From another POV, you have a story of global genocide where God drowned almost every man, woman, and child (not to mention countless animals), all because they practiced their free will and disobeyed His order to change their ways and get on the boat.

    But no worries, kids! God promised never to do that again!

    So... I guess morality depends on how exactly you spin the story.
    anng.atlanta

    Answer by anng.atlanta at 4:15 PM on Jul. 12, 2013

  • Anonymous

    Answer by Anonymous at 4:38 PM on Jul. 12, 2013

  • "However, I do not understand how you can believe in the God of the Bible if you don't believe in the Bible. I don't understand how you can believe in Jesus if you don't believe in Original Sin, or in the writings of the Old Testament. "

    No worries, jsbenkert. :)

    Saying that I don't believe that the Bible is literal doesn't mean I don't "believe" in the Bible. Many of us (Christians) don't believe the Bible was intended to be read literally. A lot of the passages are narratives, eponyms, etc. It's not that we reject the writings of the OT, merely that we reject the literalist interpretation - which is actually a relatively new way of interpreting the scripture, rooted in the Sola Scriptura movement of the Reformation, paired with the historical-factualism of the Enlightenment.

    Continued ;)
    bandgeek521

    Answer by bandgeek521 at 4:53 PM on Jul. 12, 2013

  • Likewise, many of us (Christians) don't believe that the point of Jesus' message was "the" Atonement or sacrifice. We believe the point of Jesus was what he taught about the Kingdom of God that we can participate in here and now - the way we are meant to live in the world, loving our neighbor, and so forth.

    If you really want to understand how this more academic side of Christianity (as I call it, anyway), I would recommend the works of John Shelby Spong (retired Episcopalian Bishop), Marcus Borg (scholar and Jesus Seminar fellow), John Dominic Crossan (scholar, historian, former priest, co-founder of Jesus Seminar). Spong and Borg, specifically, have books out regarding taking the Bible seriously but not literally. Karen Armstrong's "biography" of the Bible, too, goes into this kind of topic. They all explain it much better than I can, but it IS a valid way of being Christian.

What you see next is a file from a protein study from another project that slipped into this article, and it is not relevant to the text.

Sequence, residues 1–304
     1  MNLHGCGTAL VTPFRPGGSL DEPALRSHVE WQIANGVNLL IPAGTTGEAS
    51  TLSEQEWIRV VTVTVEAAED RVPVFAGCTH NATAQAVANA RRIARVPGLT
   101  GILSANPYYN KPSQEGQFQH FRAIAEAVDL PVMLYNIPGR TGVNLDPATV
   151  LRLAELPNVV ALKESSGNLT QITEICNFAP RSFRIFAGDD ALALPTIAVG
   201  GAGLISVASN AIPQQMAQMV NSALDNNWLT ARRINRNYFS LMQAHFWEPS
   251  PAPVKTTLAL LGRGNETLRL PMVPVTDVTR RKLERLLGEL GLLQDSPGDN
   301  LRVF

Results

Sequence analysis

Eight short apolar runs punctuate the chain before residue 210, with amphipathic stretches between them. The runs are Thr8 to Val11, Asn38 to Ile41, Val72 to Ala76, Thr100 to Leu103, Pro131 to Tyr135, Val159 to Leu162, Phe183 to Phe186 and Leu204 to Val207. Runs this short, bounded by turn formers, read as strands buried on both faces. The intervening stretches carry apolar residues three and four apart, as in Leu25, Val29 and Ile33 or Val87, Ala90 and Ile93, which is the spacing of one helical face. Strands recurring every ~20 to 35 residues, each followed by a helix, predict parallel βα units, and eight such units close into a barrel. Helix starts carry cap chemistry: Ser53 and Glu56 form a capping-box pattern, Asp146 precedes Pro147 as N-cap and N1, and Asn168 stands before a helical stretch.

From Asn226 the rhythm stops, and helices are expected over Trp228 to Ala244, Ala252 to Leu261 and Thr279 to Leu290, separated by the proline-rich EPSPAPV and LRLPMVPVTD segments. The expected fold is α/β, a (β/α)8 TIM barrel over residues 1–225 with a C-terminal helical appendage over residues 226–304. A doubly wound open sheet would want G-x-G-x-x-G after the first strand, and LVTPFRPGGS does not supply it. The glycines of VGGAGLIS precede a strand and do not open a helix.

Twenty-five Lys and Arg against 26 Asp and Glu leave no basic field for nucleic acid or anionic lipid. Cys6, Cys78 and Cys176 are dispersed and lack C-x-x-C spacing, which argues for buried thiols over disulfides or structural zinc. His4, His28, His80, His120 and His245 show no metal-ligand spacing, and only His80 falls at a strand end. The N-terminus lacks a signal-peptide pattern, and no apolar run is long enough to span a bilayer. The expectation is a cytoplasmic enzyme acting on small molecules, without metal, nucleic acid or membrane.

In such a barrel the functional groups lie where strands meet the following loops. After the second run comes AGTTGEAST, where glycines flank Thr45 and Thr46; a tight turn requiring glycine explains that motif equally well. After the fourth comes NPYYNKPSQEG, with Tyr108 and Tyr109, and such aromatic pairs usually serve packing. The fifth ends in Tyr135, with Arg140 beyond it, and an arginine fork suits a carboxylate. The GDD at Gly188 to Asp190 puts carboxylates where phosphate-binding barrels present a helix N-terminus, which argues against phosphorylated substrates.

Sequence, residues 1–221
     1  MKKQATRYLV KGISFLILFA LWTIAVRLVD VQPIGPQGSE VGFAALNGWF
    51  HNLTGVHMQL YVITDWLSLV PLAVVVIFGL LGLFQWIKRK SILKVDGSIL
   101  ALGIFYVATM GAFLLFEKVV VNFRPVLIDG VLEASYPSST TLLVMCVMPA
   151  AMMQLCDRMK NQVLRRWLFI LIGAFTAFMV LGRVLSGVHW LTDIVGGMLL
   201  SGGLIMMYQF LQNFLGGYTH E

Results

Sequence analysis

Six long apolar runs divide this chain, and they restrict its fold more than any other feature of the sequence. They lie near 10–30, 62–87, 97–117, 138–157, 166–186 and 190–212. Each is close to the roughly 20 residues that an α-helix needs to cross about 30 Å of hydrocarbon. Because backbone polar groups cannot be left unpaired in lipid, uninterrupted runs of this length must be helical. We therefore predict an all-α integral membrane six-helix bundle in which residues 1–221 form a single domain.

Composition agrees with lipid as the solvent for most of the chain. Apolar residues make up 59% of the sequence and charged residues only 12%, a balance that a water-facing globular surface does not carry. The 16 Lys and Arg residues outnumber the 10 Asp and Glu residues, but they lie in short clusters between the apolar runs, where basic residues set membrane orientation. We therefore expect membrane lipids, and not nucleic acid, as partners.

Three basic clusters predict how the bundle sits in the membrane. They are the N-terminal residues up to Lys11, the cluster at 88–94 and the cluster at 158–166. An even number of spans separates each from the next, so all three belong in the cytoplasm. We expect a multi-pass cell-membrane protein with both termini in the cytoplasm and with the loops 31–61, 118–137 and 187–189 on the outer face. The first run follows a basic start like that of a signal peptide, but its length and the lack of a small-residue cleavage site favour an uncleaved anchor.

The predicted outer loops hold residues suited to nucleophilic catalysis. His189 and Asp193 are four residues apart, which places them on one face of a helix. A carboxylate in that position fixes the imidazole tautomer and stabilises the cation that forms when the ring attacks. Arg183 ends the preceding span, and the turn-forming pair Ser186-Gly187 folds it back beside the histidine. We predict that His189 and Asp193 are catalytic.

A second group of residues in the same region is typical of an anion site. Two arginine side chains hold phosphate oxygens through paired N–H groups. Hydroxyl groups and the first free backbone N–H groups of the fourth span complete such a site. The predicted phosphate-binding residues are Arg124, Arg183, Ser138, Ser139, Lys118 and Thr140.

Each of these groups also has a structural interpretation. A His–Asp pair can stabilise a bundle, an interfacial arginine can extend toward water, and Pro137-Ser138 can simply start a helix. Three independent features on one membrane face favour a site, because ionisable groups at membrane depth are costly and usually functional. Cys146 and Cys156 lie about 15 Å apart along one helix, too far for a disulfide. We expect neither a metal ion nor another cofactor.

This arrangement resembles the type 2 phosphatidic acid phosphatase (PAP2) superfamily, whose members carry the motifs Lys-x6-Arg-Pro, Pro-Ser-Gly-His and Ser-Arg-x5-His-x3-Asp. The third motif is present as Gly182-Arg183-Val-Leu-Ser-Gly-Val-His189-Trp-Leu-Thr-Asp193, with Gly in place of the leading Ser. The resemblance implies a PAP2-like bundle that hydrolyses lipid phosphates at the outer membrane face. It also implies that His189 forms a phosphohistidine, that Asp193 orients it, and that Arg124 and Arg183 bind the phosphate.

bandgeek521

    Answer by bandgeek521 at 5:00 PM on Jul. 12, 2013

  • Oh, and I'm pretty sure Original Sin isn't something accepted/taught by Jews. Augustine, I believe, was the first ;)

    bandgeek521

    Answer by bandgeek521 at 5:18 PM on Jul. 12, 2013

  • I think the bible portrays god as a egotistical tyrant. All the sweet ways children are taught about gods love is a little disturbing to me. Noah's ark, many stories where Israel has permission to wipe out whole cities men women children infants animals. Flip it, mix it up how ever you want you can not justify his behavior IMO.
    skinnyslokita

    Answer by skinnyslokita at 1:26 PM on Jul. 13, 2013